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Looks like you’re exactly 84 centimeters tall, Squeaks!

Squeaks and I have been measuring ourselves! I’m about the usual size for a human grown-up, and he’s about the usual size for a robot rat.

Rats are pretty small, and so are a lot of the animals like it, called rodents. Mice, rats, guinea pigs, squirrels, and chipmunks are all part of the rodent family. … But not all of them! Meet the capybara – the biggest rodent in the world!

It’s a rodent of unusual size! Capybaras weigh a lot more than Squeaks. They can weigh up to 65 kilograms – about as much as a grown-up human!

They can also be over a meter long! And size is not the only thing that’s unusual about the capybara. They have big, barrel-like bodies, with long, shaggy hair, no tail, and webbing in their toes.

They have an unusual way of eating, too! They chew from side to side, like a camel – not up and down, like humans. They can also regurgitate their food – that’s a fancy word for bringing food back up again after it’s swallowed.

When humans like us regurgitate our food, it usually means we’re sick, or that something’s wrong. But some animals, like cows and goats, regurgitate their food to give them a second chance to break it down by chewing it. Since capybaras eat a lot of tough plants, a little extra chewing makes their food easier to digest, or break down once it’s inside their bodies.

That makes their body’s job a little easier. Just like other animals in the rodent family, capybaras have long, sharp front teeth that never stop growing! Eating all those plants wears their teeth down, so their teeth help them out by keepin’ on growing.

And to keep their teeth from getting too long, they trim them down by chewing on plants. And boy, do they eat a lot of plants. A capybara can eat almost 4 kilograms of grass in one day!

And capybaras don’t just eat grass and other plants. They also eat … their own poop. That would make animals like humans very sick, but for capybaras, it’s just another digestion trick.

Their poop has nutrients they need to help them digest all that grass they eat. It sounds kind of unusual to me. And it makes me glad I’m not a capybara!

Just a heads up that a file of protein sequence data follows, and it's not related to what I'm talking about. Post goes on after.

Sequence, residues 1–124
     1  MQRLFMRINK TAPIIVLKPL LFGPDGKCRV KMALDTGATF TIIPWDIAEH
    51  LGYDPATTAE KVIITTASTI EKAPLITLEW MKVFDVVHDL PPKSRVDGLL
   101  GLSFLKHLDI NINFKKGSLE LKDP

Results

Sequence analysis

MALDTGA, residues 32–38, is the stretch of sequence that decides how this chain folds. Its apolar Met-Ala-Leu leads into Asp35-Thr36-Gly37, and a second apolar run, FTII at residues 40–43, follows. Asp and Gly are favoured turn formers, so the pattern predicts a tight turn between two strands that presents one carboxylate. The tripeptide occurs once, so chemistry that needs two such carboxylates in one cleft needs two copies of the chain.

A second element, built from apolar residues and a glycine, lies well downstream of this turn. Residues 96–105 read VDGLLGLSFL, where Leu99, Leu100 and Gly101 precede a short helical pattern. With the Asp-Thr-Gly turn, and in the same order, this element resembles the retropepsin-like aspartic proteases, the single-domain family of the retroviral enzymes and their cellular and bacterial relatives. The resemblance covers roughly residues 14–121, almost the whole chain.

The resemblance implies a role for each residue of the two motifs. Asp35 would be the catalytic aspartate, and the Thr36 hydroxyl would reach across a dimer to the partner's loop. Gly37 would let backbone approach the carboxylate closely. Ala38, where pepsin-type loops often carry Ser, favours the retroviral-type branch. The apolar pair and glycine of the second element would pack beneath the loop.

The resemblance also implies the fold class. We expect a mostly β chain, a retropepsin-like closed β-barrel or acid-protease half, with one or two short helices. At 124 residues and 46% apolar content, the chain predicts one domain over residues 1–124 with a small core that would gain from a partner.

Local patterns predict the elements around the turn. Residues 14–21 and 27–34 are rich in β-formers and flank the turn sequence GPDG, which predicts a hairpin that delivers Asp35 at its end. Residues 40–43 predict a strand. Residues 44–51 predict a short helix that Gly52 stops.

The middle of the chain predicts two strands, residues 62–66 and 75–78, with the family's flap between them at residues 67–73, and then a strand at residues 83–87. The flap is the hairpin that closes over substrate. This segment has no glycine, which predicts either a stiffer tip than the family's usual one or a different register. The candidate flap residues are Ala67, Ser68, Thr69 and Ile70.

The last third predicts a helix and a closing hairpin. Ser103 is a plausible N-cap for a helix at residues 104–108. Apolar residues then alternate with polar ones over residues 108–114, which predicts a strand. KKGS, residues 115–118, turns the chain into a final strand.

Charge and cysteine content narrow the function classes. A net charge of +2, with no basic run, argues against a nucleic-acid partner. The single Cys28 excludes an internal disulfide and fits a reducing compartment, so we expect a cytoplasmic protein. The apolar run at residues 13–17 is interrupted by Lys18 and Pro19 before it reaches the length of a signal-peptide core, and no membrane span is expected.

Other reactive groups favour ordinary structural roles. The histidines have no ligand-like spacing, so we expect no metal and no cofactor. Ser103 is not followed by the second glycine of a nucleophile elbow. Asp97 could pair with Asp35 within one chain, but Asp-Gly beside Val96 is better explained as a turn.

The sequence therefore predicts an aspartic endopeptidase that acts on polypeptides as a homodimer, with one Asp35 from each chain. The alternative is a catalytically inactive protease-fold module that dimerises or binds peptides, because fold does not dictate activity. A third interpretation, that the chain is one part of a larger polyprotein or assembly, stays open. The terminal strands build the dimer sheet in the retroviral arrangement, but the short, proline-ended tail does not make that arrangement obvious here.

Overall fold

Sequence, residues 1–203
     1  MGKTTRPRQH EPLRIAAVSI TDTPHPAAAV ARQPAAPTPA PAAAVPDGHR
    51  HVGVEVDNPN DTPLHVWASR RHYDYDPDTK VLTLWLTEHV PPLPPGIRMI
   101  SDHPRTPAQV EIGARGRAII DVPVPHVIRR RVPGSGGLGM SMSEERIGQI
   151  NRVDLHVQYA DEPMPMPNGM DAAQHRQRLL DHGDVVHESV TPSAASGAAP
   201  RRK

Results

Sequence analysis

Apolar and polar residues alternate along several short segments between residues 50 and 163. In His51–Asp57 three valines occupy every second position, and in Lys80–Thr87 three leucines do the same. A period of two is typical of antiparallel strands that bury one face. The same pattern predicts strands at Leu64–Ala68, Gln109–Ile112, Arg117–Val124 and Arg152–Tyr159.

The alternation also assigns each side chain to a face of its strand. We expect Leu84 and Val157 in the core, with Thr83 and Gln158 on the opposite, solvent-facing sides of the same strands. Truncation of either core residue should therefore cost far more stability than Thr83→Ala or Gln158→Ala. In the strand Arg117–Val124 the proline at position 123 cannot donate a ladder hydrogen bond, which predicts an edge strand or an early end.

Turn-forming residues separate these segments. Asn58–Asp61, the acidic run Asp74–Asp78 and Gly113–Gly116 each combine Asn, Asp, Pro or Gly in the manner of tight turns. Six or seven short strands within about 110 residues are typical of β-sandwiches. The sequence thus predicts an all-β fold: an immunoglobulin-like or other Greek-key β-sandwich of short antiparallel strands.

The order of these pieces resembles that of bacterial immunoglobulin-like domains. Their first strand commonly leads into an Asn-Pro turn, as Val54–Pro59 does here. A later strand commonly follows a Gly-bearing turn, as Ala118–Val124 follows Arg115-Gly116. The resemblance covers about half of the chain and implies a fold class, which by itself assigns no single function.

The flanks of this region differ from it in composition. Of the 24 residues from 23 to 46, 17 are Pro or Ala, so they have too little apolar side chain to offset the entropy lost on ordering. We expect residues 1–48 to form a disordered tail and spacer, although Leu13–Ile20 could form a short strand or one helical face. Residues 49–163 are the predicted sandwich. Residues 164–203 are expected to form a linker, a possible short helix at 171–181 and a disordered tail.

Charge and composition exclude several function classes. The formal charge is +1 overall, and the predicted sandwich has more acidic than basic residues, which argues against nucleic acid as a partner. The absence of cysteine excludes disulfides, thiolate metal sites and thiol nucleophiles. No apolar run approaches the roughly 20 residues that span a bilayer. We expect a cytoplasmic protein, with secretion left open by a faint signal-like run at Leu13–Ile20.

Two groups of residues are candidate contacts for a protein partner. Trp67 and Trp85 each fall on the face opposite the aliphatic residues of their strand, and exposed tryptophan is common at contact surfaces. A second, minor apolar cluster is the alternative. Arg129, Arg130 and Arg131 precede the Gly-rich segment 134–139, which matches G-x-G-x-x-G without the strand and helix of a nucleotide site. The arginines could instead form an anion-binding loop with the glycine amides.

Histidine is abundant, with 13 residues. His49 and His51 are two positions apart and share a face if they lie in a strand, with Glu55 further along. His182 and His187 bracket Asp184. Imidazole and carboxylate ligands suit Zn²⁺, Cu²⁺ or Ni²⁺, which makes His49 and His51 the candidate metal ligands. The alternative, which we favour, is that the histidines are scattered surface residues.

Capybaras need water to survive, and not just for drinking! They live next to bodies of water, like lakes, rivers, and ponds. They eat plants that grow near water.

And they spend a lot of their time not just next to water, but in it! Squeaks does love swimming. But most rodents like to live on dry land.

Not capybaras, though! They seem just as comfortable hanging out in water as they are on land! It helps that capybaras have partly webbed feet, kind of like a duck.

Which makes them excellent swimmers, and sometimes even divers! And their eyes, ears, and nostrils are all on the top of their heads, so they can keep most of their body below the water and still breathe. Spending time in the water is super useful for them.

When the weather gets hot, capybaras wallow in the water to keep cool. Plus, they can hide underwater to avoid predators, who may try to hunt and eat them. They can even press their ears down against their heads to keep the water out, and they can stay underwater for up to five minutes.

That’s a lot longer than I can stay underwater! Living in groups is also very important to capybaras. They all cooperate to take care of each other.

They take care of all the baby capybaras in the group together. And when one capybara notices a predator coming, it’ll make barking sounds to warn the rest of the group, which sends the whole group into the water to hide and stay safe. Capybaras are usually calm and gentle, which is why you’ll sometimes see other animals using them as a comfy place to sit!

Some birds like to sit on a capybara, and eat the insects hiding in the grass they eat – or even eat insects right out of the capybara’s hair! Capybara hair is rough, not soft like a dog’s fur, so while a capybara might let you pet it … you might not enjoy it all that much. You also might not enjoy their big, sharp front teeth, which they use for playing.

But they’re pretty amazing animals to watch from a distance. Thanks for joining us! If you want to keep learning and having fun with Squeaks and me, hit the subscribe button, and don’t forget to check us out on the YouTube Kids app.

We’ll see you next time, here at the Fort!